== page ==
Following the first two attacks and under cover of darkness the Germans had entrenched their positions and laid barbed wire to make it difficult for French reinforcements, coming up from the valley, to relieve the summit.  On the 19th the Germans tried a third time to capture the summit.  The 1. Rheinische Inf. Rgt. Nr. 25 captured the Hirtzenstein, a rocky outcrop located at 570m above sea level, below the southern slope of the Hartmannswillerkopf which was considered to occupy a key position to allow the capture of the summit.  Various German units participated in the main assault; elements of Ldw. Inf. Rgt. 119 and 123, the battalion of ‘Chasseurs’ from 14. Großherzoglich-Mecklemburgische Jägerbataillon, and the Uhlans from the 42nd Cavalry Brigade (fighting dismounted).  Despite repeated assaults the Germans failed to take the summit.  Elements of the French 13th and 27th BCA moved up from the valley in full view of the well prepared German positions and attempted to break the siege on the summit.  They failed and during their attempt the Commander of the 13th BCA, Le commandant’ Barrie, was killed.  The Germans then threw new units into the battle, elements of Inf. Rgt. NR. 84 (“von Manstein”), the 1. Thüringische Inf. Rgt. 31, and the 89. Schweriner Grenadiere.  Still the French held on.
Situation on the 19 Jan 1915  11:30hrs
Hartmannswillerkopf Capitain G. Goes (French Translation 1934)
German attack - French counter-attack 19 Jan 1915

On the 21st Jan the French tried again to relieve their forces on the summit.  A mass attack was launched by the 13th, 27th, and 53rd BCA, with heavy casualties being taken by both sides.  The Germans gained the upper hand through the use of a Minenwerfer’ (the predecessor to the mortar that could fire a 4.5 kg projectile between 300 and 1000 meters) that had been dragged up the icy slopes of the mountain.  Having stopped the French relief attempts the Germans then turned the Minenwerfer’ on the Summit destroying the French Command shelter, the reserves of food and ammunition, and killing Second Lieutenant Canavy.  During the subsequent German assault, which was beaten off, the French defenders used the last of their ammunition.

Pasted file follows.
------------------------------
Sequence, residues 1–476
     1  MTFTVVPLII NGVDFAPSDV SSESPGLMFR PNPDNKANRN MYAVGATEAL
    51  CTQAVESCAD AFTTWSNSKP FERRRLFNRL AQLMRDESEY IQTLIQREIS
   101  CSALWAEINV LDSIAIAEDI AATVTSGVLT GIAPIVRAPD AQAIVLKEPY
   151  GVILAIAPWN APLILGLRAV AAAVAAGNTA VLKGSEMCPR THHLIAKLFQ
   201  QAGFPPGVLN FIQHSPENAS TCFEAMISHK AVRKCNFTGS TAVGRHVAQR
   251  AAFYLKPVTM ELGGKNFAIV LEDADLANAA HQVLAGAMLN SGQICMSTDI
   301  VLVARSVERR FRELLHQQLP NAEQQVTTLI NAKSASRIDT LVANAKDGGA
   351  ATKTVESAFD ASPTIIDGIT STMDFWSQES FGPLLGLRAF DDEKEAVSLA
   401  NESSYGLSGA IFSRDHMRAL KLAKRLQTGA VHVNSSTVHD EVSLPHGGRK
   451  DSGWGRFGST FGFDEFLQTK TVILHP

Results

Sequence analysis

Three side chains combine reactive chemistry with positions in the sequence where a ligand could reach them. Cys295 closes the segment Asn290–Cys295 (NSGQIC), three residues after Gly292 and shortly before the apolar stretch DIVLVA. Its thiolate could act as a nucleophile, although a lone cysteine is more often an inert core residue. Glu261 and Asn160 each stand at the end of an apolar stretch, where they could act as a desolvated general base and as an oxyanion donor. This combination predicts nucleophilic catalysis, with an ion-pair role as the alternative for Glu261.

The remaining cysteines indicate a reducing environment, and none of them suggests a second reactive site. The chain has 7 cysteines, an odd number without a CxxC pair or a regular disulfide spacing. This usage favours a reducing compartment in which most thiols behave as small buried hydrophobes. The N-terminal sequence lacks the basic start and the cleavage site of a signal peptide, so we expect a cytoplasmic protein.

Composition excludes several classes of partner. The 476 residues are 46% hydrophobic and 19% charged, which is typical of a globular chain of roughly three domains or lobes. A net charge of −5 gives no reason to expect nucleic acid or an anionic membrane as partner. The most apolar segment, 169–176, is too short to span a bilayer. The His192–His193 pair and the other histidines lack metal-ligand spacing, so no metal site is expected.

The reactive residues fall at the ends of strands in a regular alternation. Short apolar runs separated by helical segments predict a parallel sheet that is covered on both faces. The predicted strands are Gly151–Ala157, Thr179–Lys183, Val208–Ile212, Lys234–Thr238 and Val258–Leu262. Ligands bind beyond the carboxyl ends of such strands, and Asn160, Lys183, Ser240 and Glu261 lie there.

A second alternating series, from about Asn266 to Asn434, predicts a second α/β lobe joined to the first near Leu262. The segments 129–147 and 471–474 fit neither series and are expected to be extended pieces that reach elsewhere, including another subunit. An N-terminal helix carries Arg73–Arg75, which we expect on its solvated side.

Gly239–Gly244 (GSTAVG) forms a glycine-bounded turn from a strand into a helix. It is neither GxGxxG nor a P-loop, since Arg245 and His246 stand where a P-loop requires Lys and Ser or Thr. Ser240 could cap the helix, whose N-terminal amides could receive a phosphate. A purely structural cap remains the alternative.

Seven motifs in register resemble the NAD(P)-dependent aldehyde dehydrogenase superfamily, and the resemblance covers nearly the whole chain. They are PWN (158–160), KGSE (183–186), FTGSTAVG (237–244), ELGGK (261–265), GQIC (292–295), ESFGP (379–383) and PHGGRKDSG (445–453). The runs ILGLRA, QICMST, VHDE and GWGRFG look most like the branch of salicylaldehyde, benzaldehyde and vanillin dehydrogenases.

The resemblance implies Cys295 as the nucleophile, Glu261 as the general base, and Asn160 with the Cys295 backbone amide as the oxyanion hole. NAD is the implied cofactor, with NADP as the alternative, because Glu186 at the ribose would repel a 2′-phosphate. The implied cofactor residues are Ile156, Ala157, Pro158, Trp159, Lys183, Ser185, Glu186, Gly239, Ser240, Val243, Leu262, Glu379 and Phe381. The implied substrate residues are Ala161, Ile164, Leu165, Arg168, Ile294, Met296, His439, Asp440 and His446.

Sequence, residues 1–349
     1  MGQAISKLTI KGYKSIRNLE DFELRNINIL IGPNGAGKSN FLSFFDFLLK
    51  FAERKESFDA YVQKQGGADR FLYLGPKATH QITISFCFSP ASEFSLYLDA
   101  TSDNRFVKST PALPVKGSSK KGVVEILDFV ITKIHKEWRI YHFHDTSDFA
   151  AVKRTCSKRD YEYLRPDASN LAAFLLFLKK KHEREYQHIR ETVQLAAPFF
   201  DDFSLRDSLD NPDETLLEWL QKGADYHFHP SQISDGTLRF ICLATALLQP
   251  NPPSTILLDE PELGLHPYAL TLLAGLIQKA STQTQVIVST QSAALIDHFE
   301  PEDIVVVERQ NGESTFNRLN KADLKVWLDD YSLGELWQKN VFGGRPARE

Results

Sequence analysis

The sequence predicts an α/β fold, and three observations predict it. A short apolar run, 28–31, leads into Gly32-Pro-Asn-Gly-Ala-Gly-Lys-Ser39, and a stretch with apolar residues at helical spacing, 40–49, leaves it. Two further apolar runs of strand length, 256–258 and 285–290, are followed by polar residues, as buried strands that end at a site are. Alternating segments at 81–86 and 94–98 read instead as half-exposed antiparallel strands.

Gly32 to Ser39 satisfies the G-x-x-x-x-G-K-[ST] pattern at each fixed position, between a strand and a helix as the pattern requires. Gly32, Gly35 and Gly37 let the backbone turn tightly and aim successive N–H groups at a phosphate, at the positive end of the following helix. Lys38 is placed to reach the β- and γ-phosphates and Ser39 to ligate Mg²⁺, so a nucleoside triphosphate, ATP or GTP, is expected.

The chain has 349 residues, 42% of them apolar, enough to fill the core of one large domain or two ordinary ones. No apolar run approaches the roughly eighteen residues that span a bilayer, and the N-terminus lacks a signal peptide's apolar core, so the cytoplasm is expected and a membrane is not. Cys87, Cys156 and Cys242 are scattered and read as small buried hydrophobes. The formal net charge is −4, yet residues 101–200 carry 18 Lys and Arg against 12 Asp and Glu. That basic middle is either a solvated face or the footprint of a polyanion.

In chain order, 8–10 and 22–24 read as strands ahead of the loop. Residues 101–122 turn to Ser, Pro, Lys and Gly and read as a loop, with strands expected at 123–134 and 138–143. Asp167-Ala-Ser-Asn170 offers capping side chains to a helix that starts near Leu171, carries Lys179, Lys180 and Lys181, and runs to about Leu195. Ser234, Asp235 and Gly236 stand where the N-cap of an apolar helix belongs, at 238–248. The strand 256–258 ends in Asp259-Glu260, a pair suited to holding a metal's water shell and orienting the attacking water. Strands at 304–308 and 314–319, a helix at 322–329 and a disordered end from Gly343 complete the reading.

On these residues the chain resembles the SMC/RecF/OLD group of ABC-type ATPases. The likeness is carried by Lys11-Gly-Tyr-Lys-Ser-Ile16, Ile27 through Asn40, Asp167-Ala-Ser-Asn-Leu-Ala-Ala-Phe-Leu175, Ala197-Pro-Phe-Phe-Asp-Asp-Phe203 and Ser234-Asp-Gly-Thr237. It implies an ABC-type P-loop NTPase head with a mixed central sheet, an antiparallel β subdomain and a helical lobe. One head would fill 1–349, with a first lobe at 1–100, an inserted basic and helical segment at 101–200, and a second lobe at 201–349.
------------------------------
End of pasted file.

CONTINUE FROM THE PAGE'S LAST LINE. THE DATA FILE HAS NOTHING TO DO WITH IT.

On the 22nd Jan the remains of the French 1st Company, 28th BCA on the Hartmannswillerkopf, exhausted having lost two thirds of its manpower, without food and ammunition, was forced to surrender.  The Germans believed they were attacking a strong French Garrison and were amazed to find that the summit had been held by only a handful of men.

Hartmannswillerkopf summit in 1915
The summit was then in German hands and each side had lost over 1,000 men.  But this was only the start of the battle for the Hartmannswillerkopf. The two sides began to consolidate their positions.  Shelters were cut in the rock and ammunition and first aid stations were set up.  Access roads were constructed and the Germans went as far as building two cable cars to facilitate re-supply.  On the German side more than 1,000 workmen took part in constructing the defences and more than 170 mules were used to transport the heavy loads.  For the Germans the Hartmannswillerkopf was key ground and the work on their defences and the tenacity of their defence for the remainder of 1915 reflected this.  To be continued.....


Saturday, September 24, 2011

British Aerial Photography and Photographic Interpretation on the Western Front - Pt 9

Back to Part 8

RFC Photographic Sections Formalised